Share this article on Facebook
Write a List, Make a Sale
by Shirley Raye Redmond
As a compulsive list maker, I keep shopping lists,
trivia lists, Christmas card lists, books-to-read lists and must-write lists.
Once, while glancing over my collection of ideas for beating the rejection
letter blues, it dawned on me that if my list was helpful or informative, I
could probably sell it in the form of a how-to or round-up article. Deciding
that everyone, not just writers, suffers from the doldrums now and then, I
generalized the ideas on my list and sold "Beat the Blues" to MODERN
ROMANCES for $150.
While waiting for a friends wedding service to
begin, I picked up a church hymnal and casually flipped through its pages. I
noted that many of the hymns had been written by women. Quickly, I scribbled
down a list of names of the more prolific ones. The following week, after a
little background research at the library, I compiled an informative round-up
article on little-known women hymn writers. The 900-word article sold
immediately to WOMANS WORLD for $500.
After selling a list article entitled, "How to
Write Memos That Others Will Read" to COSMOPOLITAN and "New Years
Resolutions That Could Save Your Childs Life" to PARENTING for a
dollar a word, I realized that list articles were quick and easy to write. They
were also lucrative. And when I used a seasonal slant, the queries usually got
an immediate go-ahead. After all, editors always need holiday material with a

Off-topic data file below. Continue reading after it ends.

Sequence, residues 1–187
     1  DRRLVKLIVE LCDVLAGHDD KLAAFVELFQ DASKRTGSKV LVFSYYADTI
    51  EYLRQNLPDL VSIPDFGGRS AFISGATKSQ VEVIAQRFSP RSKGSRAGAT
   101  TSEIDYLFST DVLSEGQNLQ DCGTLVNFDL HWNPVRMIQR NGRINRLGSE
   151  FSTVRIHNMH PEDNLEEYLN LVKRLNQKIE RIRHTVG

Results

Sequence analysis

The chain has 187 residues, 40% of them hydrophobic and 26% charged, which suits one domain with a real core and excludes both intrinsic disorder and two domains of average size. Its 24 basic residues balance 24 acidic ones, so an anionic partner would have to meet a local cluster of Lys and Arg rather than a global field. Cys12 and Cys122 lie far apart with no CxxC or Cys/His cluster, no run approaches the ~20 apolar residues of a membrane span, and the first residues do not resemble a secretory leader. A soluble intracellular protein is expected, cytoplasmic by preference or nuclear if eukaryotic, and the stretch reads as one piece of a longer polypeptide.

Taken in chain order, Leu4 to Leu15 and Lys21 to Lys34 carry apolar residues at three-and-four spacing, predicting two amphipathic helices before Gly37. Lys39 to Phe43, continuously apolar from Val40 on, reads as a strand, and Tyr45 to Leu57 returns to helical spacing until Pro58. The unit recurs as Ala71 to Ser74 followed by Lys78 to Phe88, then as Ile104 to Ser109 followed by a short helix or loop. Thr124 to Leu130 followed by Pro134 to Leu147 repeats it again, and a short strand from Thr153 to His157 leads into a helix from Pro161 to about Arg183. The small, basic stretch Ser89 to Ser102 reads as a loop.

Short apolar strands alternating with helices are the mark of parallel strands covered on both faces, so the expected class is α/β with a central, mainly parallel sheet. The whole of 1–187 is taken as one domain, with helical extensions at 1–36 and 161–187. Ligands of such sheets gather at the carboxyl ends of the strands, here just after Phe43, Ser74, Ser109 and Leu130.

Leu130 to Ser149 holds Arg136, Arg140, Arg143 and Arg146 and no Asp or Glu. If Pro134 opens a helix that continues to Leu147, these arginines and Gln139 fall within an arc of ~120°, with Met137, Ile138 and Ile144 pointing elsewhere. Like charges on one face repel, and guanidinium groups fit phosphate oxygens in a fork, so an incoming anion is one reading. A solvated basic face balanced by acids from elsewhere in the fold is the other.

fresh approach to the same old seasonal subjects.
With that in mind, I successfully pitched my
tips for tackling test anxiety to BETTER HOMES AND GARDENS for their
back to school issue. A list of safety tips gleaned from my collection of
utility bill inserts sold immediately to LADYS CIRCLE as "Is Your Home
Safe for the Holidays?" And my list of nonprofit groups in need of funds sold to
VIRTUE as a timely piece on "Unconventional Christmas
Once youve polished all your personal lists for
publication, creatively recycle others lists. For instance, a casual perusal of
THE OXFORD ENGLISH DICTIONARY OF NURSERY RHYMES intrigued me. I learned
that "Ring Around the Rosies" was really a gruesome little ditty about the
bubonic plague and that Humpty Dumpty was no egg at all, but King Richard III
who "had a great fall" off his horse during a battle in 1485 and "all the kings
horses and all the kings men couldnt put Humpty together again." He died
shortly after this accident.
The list of nursery rhymes and the real
histories behind them would surely interest youngsters, I decided. So I queried
and subsequently sold two different versions of "The Not-So-Innocent Mother
Goose" to HIGHLIGHTS FOR CHILDREN and SEVENTEEN.
Ive often assigned my writing for publication
students to produce a list article and often as not, it is their first
successful foray into the world of writing for money. The next time you find
yourself scrounging around for an idea, consider a list that meets a need. For
wheres theres a list, theres a
© Copyright 1999, Shirley Raye Redmond
Other articles by Shirley Raye Redmond :
Check out the latest articles in
How to Promote Your Book BLOG
Find out what works.
Join the Writing for DOLLARS! group on Facebook.
Writing for DOLLARS!
is a publication of